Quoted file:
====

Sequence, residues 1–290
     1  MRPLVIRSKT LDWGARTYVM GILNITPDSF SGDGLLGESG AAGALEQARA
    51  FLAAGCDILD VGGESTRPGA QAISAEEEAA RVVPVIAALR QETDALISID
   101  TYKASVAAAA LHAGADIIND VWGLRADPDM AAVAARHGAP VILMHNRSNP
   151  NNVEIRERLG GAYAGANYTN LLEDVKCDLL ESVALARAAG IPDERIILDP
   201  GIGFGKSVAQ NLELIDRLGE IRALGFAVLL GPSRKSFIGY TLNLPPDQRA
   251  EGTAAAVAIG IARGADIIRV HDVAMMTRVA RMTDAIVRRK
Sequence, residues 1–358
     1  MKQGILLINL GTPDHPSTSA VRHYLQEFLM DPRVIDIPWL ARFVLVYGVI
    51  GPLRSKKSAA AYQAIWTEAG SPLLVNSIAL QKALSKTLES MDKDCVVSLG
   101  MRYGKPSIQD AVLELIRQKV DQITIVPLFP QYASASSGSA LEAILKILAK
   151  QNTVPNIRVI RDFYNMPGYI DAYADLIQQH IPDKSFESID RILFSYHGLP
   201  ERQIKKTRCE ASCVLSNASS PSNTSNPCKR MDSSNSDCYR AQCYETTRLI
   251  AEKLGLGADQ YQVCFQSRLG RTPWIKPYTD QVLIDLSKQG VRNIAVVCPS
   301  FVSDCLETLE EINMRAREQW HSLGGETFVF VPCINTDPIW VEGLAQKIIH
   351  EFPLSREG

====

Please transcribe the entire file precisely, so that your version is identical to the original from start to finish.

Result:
Sequence, residues 1–290
     1  MRPLVIRSKT LDWGARTYVM GILNITPDSF SGDGLLGESG AAGALEQARA
    51  FLAAGCDILD VGGESTRPGA QAISAEEEAA RVVPVIAALR QETDALISID
   101  TYKASVAAAA LHAGADIIND VWGLRADPDM AAVAARHGAP VILMHNRSNP
   151  NNVEIRERLG GAYAGANYTN LLEDVKCDLL ESVALARAAG IPDERIILDP
   201  GIGFGKSVAQ NLELIDRLGE IRALGFAVLL GPSRKSFIGY TLNLPPDQRA
   251  EGTAAAVAIG IARGADIIRV HDVAMMTRVA RMTDAIVRRK
Sequence, residues 1–358
     1  MKQGILLINL GTPDHPSTSA VRHYLQEFLM DPRVIDIPWL ARFVLVYGVI
    51  GPLRSKKSAA AYQAIWTEAG SPLLVNSIAL QKALSKTLES MDKDCVVSLG
   101  MRYGKPSIQD AVLELIRQKV DQITIVPLFP QYASASSGSA LEAILKILAK
   151  QNTVPNIRVI RDFYNMPGYI DAYADLIQQH IPDKSFESID RILFSYHGLP
   201  ERQIKKTRCE ASCVLSNASS PSNTSNPCKR MDSSNSDCYR AQCYETTRLI
   251  AEKLGLGADQ YQVCFQSRLG RTPWIKPYTD QVLIDLSKQG VRNIAVVCPS
   301  FVSDCLETLE EINMRAREQW HSLGGETFVF VPCINTDPIW VEGLAQKIIH
   351  EFPLSREG